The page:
By George Willison
Of Plimoth Plantation, as Governor William Bradford modestly styled his now famous history of the Pilgrims, tells one of the great American stories. And Bradford, who was the ruling spirit in the Plymouth Colony during its first thirty years, had the wit and skill to tell it well, with rare eloquence and power. A fascinating record of high adventure in the realm both of the flesh and the spirit, of profound human interest from first page to last, his engaging chronicle is a towering monument in American history and in American literature as well.
Most Americans, recalling their days in school, think they know that story well. The simple and demonstrable fact is, most of us do not know it half as well as we should - at least, not in authentic and significant detail, and even less in its larger historical context, so that we fail to appreciate the great reach of the story, and its meaning for us today. Our ideas about the Pilgrims, unfortunately, have been shaped far more by the pale fictions of uninspired mythmakers than by the clear and luminous facts left us by the Pilgrims themselves. As a consequence, the latter are still extravagantly praised for accomplishing what they never attempted or intended, and are even more foolishly abused for attitudes and attributes quite foreign to them. In the popular mind, to complicate matters further, the Pilgrims are still generally confused - to their disadvantage - with the Puritans who later came to settle north of them around Boston Bay.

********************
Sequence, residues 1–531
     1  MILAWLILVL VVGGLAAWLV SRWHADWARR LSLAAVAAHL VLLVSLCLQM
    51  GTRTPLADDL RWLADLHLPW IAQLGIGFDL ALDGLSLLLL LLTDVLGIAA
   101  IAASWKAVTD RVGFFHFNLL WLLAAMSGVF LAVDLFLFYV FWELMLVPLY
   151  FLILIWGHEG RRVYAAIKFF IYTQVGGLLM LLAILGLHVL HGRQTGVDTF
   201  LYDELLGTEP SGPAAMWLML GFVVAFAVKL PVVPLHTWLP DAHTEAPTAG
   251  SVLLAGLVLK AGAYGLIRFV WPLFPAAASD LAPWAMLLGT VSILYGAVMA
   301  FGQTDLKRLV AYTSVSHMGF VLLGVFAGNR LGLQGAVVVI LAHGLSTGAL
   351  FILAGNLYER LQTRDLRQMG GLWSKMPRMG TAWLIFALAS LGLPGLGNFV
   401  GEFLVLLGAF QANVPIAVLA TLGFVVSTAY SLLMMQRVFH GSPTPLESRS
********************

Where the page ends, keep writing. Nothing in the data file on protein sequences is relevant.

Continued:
It is time, I think, to go back to the record and see for ourselves who the Pilgrims really were and what they were about.
For that purpose Bradford is indispensahle. Indeed, he is unique, for without him there would have been no Pilgrim history worthy of the name, and the ghosts raised by the mythmakers could never be laid.
It was in 1630, ten years after the landing at Plymouth, that Governor Bradford sat down amid the distractions of office to begin what he called his "scribled Writings." Of necessity, these were "peeced up at times of leisure afterwards," for to the end of his days almost forty years later Bradford led a busy life at the center of affairs. By 1650, when he laid down his pen, he had compiled a manuscript of 270 folio pages, all patiently inscribed in his own neat hand. Here, in fine full-bodied prose spiced with a grim kind of humor and lighted occasionally by flash of malicious wit, was the story of the Pilgrims From its beginning at Scrooby in 1606 to the year 1647, through the most critical and eventful period of their always eventful career.